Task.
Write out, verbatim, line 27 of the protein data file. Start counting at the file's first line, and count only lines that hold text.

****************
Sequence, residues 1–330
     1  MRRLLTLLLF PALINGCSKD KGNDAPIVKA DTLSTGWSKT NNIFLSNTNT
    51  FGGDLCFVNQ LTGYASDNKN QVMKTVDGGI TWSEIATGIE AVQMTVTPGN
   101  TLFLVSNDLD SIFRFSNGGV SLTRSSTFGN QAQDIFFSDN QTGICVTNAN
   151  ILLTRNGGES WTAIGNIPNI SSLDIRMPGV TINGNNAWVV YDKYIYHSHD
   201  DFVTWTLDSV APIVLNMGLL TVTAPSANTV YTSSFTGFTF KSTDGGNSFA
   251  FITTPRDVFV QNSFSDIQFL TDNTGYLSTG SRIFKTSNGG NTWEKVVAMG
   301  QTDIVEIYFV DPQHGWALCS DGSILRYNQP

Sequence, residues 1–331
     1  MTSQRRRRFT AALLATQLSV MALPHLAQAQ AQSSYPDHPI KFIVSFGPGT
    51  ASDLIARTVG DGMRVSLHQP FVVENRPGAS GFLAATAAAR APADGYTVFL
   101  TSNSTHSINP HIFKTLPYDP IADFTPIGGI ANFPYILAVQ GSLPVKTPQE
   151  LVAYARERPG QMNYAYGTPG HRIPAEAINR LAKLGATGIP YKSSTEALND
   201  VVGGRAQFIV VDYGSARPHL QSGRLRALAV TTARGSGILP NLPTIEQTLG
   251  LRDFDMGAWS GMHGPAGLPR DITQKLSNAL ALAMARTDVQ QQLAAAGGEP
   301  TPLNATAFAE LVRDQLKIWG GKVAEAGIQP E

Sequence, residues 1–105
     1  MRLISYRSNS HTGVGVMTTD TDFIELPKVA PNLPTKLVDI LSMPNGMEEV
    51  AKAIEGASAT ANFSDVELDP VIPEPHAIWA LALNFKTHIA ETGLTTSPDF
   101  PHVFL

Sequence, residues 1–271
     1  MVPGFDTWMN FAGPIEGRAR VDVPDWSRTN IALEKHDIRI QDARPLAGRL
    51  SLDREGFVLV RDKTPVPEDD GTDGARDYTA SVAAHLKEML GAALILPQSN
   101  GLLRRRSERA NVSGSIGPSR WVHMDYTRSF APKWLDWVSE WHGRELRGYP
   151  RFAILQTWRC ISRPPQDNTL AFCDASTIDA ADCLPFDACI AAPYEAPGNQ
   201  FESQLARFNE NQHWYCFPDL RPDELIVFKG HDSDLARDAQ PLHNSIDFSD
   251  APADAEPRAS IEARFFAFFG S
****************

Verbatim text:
   251  APADAEPRAS IEARFFAFFG S